Better known as a director (and half of a directorial super-couple with Jeremy Herrin) Bruce’s play occupies fairly safe territory in its comedic depiction of Lou, a forty-*cough*-thirty-something carefree Londoner whose style is well and truly cramped when her nineteen-year-old god-daughter Minnie moves into her flat to take up a place at university. Having fully embraced the vagaries of metropolitan living and its consequent inhibiting effect on conventional ideas of maturity, Lou is thus forced to face the difference between feeling nineteen and the dilemmas of actually being nineteen. Continue reading “Review: Godchild, Hampstead Downstairs”
“The only thing is to grin and bear it”
Timing is everything and the anti-war message of Somerset Maugham’s 1932 play For Services Rendered failed to gain any purchase on contemporary audiences, making it something of a failure. But listening to Lu Kemp’s adaptation for Radio 4, it strikes as an extraordinarily prescient piece of work, more so given the eventual declaration and devastation of the Second World War, and it surely due for a substantial theatrical revival. As it is, this version will more than do for now as its tale of how the impact of the First World War lingered perniciously on in the lives of the nation is embodied in the trials of the Ardsley family and their friends.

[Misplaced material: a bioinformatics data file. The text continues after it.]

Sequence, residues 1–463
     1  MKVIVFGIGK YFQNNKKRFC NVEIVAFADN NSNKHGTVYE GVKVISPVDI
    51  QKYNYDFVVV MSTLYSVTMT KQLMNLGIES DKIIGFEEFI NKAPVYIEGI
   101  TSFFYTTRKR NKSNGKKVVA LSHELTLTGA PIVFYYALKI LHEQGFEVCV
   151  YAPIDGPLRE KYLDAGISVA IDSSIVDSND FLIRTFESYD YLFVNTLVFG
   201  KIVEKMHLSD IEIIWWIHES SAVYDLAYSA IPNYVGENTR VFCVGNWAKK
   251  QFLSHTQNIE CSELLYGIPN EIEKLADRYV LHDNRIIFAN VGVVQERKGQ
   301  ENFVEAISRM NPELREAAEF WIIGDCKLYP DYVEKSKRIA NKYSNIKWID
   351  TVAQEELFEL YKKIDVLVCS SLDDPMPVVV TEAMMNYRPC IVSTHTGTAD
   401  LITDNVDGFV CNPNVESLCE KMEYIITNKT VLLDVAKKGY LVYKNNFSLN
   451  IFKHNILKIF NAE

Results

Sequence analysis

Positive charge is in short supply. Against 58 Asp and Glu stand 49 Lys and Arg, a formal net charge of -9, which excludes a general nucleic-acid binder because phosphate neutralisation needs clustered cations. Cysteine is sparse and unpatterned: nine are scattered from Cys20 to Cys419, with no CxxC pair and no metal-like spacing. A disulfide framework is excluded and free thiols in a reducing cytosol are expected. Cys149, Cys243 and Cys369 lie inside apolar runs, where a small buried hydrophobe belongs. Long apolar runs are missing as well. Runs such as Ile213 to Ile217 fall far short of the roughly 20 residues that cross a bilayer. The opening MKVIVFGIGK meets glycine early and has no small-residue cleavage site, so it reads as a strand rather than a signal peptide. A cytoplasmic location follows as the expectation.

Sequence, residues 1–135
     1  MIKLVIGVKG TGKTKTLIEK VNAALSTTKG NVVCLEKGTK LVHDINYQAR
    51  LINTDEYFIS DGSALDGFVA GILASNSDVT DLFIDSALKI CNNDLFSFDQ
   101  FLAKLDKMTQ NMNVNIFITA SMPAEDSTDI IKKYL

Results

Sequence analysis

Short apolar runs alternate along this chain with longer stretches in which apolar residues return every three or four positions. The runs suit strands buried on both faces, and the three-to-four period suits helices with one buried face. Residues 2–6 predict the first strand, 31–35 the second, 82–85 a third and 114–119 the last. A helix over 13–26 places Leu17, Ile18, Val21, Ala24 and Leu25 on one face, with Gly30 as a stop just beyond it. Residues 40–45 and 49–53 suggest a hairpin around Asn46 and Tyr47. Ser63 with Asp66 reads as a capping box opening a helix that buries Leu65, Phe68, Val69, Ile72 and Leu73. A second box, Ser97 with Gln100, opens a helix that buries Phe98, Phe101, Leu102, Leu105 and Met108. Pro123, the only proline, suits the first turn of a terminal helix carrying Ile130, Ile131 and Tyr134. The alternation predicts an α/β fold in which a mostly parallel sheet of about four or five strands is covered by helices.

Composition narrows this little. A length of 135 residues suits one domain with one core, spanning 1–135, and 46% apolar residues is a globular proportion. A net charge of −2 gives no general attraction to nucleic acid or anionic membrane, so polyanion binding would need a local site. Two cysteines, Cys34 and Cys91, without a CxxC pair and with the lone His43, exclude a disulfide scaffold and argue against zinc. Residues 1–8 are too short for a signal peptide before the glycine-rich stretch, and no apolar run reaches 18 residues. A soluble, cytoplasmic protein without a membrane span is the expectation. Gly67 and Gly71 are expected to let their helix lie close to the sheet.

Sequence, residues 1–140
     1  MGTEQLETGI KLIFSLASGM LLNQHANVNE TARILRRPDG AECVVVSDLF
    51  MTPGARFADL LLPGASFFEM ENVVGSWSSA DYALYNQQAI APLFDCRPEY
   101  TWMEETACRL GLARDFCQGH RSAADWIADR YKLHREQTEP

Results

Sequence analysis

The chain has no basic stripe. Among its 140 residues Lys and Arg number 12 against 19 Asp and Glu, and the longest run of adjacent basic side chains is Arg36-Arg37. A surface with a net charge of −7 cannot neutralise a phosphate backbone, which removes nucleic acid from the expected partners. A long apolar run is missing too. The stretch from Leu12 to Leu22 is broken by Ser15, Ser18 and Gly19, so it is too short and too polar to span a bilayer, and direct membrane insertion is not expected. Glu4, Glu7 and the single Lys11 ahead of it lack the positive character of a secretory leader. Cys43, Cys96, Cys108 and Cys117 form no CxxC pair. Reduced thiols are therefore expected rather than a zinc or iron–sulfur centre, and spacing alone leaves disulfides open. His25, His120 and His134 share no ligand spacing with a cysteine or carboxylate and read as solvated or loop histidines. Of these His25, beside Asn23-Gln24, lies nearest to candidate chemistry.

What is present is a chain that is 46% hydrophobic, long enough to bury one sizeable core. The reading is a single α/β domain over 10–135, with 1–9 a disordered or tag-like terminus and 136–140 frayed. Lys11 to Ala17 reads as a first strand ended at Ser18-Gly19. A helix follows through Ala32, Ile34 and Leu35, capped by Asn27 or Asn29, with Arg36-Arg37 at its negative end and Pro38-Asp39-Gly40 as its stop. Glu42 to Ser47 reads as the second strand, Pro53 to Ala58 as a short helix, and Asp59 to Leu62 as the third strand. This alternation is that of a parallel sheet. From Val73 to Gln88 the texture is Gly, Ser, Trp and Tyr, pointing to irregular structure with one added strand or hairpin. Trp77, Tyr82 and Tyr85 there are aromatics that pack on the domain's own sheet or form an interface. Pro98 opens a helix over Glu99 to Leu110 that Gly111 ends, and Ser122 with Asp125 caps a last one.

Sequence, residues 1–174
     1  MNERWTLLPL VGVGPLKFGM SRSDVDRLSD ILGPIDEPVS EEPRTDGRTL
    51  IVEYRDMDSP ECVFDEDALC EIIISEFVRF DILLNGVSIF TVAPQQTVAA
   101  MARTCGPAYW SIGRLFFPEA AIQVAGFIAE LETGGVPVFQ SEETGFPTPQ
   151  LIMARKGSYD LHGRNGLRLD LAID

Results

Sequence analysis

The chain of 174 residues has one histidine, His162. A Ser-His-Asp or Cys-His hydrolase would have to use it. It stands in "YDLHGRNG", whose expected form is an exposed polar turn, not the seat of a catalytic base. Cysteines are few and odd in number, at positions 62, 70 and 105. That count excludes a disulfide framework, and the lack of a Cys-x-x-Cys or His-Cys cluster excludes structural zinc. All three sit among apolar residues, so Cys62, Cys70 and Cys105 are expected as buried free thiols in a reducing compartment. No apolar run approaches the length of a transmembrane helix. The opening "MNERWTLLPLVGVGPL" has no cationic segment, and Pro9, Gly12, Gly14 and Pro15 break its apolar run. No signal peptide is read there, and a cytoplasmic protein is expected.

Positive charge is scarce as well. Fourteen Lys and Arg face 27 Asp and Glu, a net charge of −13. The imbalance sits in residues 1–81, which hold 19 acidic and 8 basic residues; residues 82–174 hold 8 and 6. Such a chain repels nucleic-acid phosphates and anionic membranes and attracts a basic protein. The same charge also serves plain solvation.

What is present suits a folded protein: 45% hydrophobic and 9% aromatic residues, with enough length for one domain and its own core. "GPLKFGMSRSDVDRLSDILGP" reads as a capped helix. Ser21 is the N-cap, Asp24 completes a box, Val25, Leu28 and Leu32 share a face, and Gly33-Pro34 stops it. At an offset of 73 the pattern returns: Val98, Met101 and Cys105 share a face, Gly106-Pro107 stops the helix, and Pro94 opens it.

Leonard and Charlotte Ardsley have four children and though superficially their lives in the Kent countryside are going well, there’s much trauma and difficulty just beneath the surface. Only son Sydney was blinded in the war and sister Eva has devoted herself entirely to his care, much to the expense of her own situation and youngest daughter Lois also finds herself unmarried due to the lack of prospects. Ethel is the one that did manage to secure herself a husband but the upheaval of wartime blinded her to his eminent lack of suitability and now in peacetime, she is left to repent at leisure. With so much bubbling away as the social order decays, it isn’t long before changes start to force themselves upon this group. Continue reading “Review: For Services Rendered / Carnival, Radio 4”
“You assert this fabulous moral conscience John, this adherence to unwritten law”